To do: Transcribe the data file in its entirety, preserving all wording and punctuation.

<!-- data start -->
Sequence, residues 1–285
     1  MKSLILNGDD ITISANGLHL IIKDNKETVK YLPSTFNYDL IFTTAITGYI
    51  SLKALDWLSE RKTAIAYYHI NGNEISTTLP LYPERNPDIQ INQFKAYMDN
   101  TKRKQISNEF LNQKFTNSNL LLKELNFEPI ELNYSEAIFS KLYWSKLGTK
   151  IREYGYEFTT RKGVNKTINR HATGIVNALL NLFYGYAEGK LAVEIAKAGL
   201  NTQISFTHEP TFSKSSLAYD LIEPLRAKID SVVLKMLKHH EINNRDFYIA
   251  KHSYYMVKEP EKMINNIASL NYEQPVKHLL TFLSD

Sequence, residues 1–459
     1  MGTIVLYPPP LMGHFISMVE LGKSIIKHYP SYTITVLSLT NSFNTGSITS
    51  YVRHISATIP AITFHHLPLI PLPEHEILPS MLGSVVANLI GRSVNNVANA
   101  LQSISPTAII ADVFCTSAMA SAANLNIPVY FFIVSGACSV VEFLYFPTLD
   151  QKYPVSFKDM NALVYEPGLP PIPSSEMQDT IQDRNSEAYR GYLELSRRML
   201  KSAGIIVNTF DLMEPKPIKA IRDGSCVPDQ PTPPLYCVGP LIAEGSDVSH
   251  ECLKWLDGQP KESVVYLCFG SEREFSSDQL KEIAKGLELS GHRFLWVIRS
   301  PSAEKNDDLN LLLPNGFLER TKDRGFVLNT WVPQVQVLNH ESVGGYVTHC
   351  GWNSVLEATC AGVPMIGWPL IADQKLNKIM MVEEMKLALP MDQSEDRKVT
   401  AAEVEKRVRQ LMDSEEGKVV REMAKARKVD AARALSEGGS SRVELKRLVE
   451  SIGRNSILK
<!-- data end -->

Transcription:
Sequence, residues 1–285
     1  MKSLILNGDD ITISANGLHL IIKDNKETVK YLPSTFNYDL IFTTAITGYI
    51  SLKALDWLSE RKTAIAYYHI NGNEISTTLP LYPERNPDIQ INQFKAYMDN
   101  TKRKQISNEF LNQKFTNSNL LLKELNFEPI ELNYSEAIFS KLYWSKLGTK
   151  IREYGYEFTT RKGVNKTINR HATGIVNALL NLFYGYAEGK LAVEIAKAGL
   201  NTQISFTHEP TFSKSSLAYD LIEPLRAKID SVVLKMLKHH EINNRDFYIA
   251  KHSYYMVKEP EKMINNIASL NYEQPVKHLL TFLSD

Sequence, residues 1–459
     1  MGTIVLYPPP LMGHFISMVE LGKSIIKHYP SYTITVLSLT NSFNTGSITS
    51  YVRHISATIP AITFHHLPLI PLPEHEILPS MLGSVVANLI GRSVNNVANA
   101  LQSISPTAII ADVFCTSAMA SAANLNIPVY FFIVSGACSV VEFLYFPTLD
   151  QKYPVSFKDM NALVYEPGLP PIPSSEMQDT IQDRNSEAYR GYLELSRRML
   201  KSAGIIVNTF DLMEPKPIKA IRDGSCVPDQ PTPPLYCVGP LIAEGSDVSH
   251  ECLKWLDGQP KESVVYLCFG SEREFSSDQL KEIAKGLELS GHRFLWVIRS
   301  PSAEKNDDLN LLLPNGFLER TKDRGFVLNT WVPQVQVLNH ESVGGYVTHC
   351  GWNSVLEATC AGVPMIGWPL IADQKLNKIM MVEEMKLALP MDQSEDRKVT
   401  AAEVEKRVRQ LMDSEEGKVV REMAKARKVD AARALSEGGS SRVELKRLVE
   451  SIGRNSILK